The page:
Rodent control for rats and mice infestation

Rodent Control | Rats and Mice Infestation

by 1300PestControl on April 20, 2014

1300 Pest Control offers Residential customers a Warranty for Rodent Control at an affordable price.

1300 Pest Control has a range of effective Rodent Control programs for Commercial customers.

While mice may be fun and furry little pets for some people, finding that you have a rodent infestation in your house is not funny at all. The same can be said for rats. Ugh!

Generally, the species of mouse or rat found in pet shops is not the same as the kind you find invading your home and gnawing on everything they can find.

Dealing with a Rodent Infestation

While you may consider grabbing the broom to chase away a cute little mouse that is scurrying across your lounge room carpet an acceptable solution, it is NOT the answer. Nor is a mouse trap, or in the case of a loathsome rat, a rat trap. Let’s have a look at some of the reasons why:


  • Mice and rats tend to congregate in a mouse nest or rats nest. So seeing one rodent usually means there are at least 4 or more you haven’t seen;
  • Rodents like mice or rats breed prolifically. A female mouse reaches sexual maturity by 10 weeks of age and can produce a litter within 20 days of mating;
  • Rats and mice carry up to 35 diseases, including plague, leptospirosis and salmonella which are potentially deadly to human beings;
  • Rodent droppings also contain diseases, to say nothing of the fact they are smelly, unhygienic and unsightly; and
  • Rat poison and mouse baiting may cause harm to family pets and young children.


All properties should have a rodent protection program because of the significant dangers of rodents, which include spreading disease and causing damage to electrical wiring and fixtures.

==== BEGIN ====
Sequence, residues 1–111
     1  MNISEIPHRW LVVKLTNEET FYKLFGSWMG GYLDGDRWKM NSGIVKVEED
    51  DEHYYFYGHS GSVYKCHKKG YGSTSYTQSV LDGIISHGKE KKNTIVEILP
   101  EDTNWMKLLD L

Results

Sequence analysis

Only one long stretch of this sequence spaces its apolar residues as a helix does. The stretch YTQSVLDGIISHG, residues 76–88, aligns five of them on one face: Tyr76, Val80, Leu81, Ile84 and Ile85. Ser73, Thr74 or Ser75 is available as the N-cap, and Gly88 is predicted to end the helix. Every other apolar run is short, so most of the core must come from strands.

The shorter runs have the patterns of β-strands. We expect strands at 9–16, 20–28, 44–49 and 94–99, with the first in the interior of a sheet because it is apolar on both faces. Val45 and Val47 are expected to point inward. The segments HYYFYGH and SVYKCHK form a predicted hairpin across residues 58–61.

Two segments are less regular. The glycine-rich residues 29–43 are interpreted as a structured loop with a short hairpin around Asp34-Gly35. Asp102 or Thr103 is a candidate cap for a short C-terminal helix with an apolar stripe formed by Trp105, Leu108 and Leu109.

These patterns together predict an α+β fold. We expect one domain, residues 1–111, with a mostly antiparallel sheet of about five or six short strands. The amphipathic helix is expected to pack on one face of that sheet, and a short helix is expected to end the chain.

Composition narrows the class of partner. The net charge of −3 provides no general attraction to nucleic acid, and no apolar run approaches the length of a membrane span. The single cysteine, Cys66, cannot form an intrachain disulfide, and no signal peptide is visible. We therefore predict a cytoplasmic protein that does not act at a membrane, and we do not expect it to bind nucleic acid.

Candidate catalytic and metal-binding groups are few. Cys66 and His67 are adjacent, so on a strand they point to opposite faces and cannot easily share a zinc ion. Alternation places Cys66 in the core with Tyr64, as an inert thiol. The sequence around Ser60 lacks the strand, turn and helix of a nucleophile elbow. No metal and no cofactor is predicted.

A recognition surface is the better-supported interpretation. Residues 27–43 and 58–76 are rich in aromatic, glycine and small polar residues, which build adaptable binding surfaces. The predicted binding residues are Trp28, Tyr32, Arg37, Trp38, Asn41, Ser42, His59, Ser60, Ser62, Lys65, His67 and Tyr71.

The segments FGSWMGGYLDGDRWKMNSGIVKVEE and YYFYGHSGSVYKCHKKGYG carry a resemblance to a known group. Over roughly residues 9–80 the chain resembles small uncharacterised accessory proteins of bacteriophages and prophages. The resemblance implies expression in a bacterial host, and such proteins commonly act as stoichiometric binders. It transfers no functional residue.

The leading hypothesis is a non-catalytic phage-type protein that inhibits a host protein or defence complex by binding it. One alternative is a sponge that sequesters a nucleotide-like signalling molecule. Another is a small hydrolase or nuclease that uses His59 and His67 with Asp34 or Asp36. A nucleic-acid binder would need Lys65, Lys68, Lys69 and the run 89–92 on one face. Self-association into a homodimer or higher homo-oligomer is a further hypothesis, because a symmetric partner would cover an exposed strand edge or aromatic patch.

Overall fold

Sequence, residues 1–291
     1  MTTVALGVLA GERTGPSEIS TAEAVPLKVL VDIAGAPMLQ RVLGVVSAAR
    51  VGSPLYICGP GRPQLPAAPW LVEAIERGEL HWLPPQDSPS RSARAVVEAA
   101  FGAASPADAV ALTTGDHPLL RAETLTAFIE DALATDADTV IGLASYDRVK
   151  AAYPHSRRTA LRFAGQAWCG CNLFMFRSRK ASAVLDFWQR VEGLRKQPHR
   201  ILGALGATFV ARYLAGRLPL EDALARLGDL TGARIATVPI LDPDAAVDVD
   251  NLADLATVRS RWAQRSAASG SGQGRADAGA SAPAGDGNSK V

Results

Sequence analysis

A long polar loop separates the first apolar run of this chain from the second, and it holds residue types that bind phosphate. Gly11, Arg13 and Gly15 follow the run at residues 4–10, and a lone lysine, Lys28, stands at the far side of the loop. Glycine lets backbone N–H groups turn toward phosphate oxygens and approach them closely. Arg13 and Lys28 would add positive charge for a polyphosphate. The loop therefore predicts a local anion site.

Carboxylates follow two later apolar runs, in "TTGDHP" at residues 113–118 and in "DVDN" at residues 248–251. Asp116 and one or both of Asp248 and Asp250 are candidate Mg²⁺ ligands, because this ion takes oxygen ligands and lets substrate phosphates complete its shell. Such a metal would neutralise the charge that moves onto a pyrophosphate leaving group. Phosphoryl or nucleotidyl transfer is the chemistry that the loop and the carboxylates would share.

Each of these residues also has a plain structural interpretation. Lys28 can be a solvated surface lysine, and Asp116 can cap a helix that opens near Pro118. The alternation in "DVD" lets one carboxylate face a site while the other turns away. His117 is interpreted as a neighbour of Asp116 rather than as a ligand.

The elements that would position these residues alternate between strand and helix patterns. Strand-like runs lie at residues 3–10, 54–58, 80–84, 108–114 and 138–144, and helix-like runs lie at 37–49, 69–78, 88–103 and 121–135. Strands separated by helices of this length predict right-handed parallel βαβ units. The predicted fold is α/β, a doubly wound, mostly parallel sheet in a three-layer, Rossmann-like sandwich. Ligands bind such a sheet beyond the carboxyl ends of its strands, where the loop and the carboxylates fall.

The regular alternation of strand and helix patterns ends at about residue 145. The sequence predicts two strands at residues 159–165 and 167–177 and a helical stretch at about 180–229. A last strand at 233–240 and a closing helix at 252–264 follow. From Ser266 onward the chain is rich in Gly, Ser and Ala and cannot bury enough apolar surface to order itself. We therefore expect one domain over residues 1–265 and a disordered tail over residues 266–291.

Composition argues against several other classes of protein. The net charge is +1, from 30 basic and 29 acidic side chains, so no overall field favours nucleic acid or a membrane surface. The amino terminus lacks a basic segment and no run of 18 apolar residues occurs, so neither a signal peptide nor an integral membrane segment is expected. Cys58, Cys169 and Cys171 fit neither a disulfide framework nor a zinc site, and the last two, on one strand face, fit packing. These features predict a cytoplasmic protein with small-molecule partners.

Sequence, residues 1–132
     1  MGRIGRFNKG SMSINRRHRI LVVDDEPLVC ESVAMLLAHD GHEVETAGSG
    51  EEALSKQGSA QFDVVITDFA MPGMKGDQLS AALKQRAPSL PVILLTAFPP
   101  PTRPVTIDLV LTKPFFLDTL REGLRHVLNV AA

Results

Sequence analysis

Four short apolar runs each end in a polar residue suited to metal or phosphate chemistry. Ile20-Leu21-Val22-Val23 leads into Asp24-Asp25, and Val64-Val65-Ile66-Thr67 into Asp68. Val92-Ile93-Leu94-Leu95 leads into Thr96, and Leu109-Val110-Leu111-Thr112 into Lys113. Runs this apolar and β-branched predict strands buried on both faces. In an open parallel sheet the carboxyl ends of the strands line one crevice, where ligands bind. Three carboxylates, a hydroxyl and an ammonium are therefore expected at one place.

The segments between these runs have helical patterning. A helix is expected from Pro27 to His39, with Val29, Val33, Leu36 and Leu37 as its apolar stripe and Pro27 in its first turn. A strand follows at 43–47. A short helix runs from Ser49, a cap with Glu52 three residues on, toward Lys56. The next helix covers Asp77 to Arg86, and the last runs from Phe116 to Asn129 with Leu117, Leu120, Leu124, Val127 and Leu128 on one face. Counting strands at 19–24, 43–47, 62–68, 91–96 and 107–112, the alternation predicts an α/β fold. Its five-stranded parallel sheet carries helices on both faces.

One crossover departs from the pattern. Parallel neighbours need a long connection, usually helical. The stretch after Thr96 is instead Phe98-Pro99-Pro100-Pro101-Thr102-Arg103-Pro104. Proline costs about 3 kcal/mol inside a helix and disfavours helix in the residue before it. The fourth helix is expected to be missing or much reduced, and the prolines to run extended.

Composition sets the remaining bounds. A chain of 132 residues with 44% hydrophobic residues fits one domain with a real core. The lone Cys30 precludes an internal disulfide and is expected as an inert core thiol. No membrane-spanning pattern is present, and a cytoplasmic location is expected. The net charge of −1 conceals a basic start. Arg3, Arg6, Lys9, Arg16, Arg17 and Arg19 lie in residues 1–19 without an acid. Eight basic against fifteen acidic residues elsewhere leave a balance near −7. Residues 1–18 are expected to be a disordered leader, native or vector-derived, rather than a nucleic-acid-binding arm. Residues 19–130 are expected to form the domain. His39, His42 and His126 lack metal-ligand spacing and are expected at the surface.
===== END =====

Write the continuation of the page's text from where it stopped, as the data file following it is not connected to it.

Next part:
Rodent control for mice & rats is best managed by installation of a Tamper Resistant Bait Station so only rodents can get to the bait. This is a lockable container with a special key making it safe for children, pets & possums which are protected.


The bait is professional grade. The rodents are attracted to the bait, which makes them thirsty. The bait is slow acting, which allows the rodent time to leave the house in search for water and die outside. The baits are non-transferrable, so if a rodent eats the bait and a pet eats the rodent, the pet will not get ill.

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{ 8 comments… read them below or add one }

Cheryl Hanson July 28, 2010 at 7:28 am

The best way to rid your home of rodents and control them in your own home, is to learn more about them, and hire experts when necessary. Homeowners should not be afraid to admit they are freeked out by the sight of a mouse, as rodents carry many dangerous diseases and health risks. Rodent control is a progression, and a project that is best handled with an expert hand.

Kali August 5, 2010 at 2:03 pm

It looks like we have rats or mice in our home as for the last few nights we have heard at least 2 rodents scurrying about late at night. We run an at-home day care service and as their are young children here we are concerned about the type of rodent control that you are able to offer.

1300PestControl August 5, 2010 at 2:46 pm

Hi Kali,
The rodent boxes that we use are commercial grade boxes with key entry only and therefore of a superior standard safety-wise to the cheaper cardboard variety that you can purchase through hardware retailers. The pest control products we use are also non-transferrable, meaning that if the rodent is consumed by a secondary animal (such as your pet dog), then the poison will not transfer to this animal. Many DIY products do not offer such protection. Our pest control products and procedures comply with all current Australian Standards for professional pest control and our technicians are fully trained, licenced and are familiar with sensitive environments such as child care centres, retirement villages and food premises so rest assured we will be able to control your rodent situation safely and effectively. I hope this helps.

Taras Zakharov October 19, 2010 at 5:53 pm

Hi there,
I have a big trouble with rodents in my roof. I have being trying to get rid of them since April this year. Fisrt we’ve tryied poison then i have installed boxes with the baits outside of the property then we removed insolation to be able to spray with special poison powder and they are still THERE! Is there any other way of killing them? Can you help me?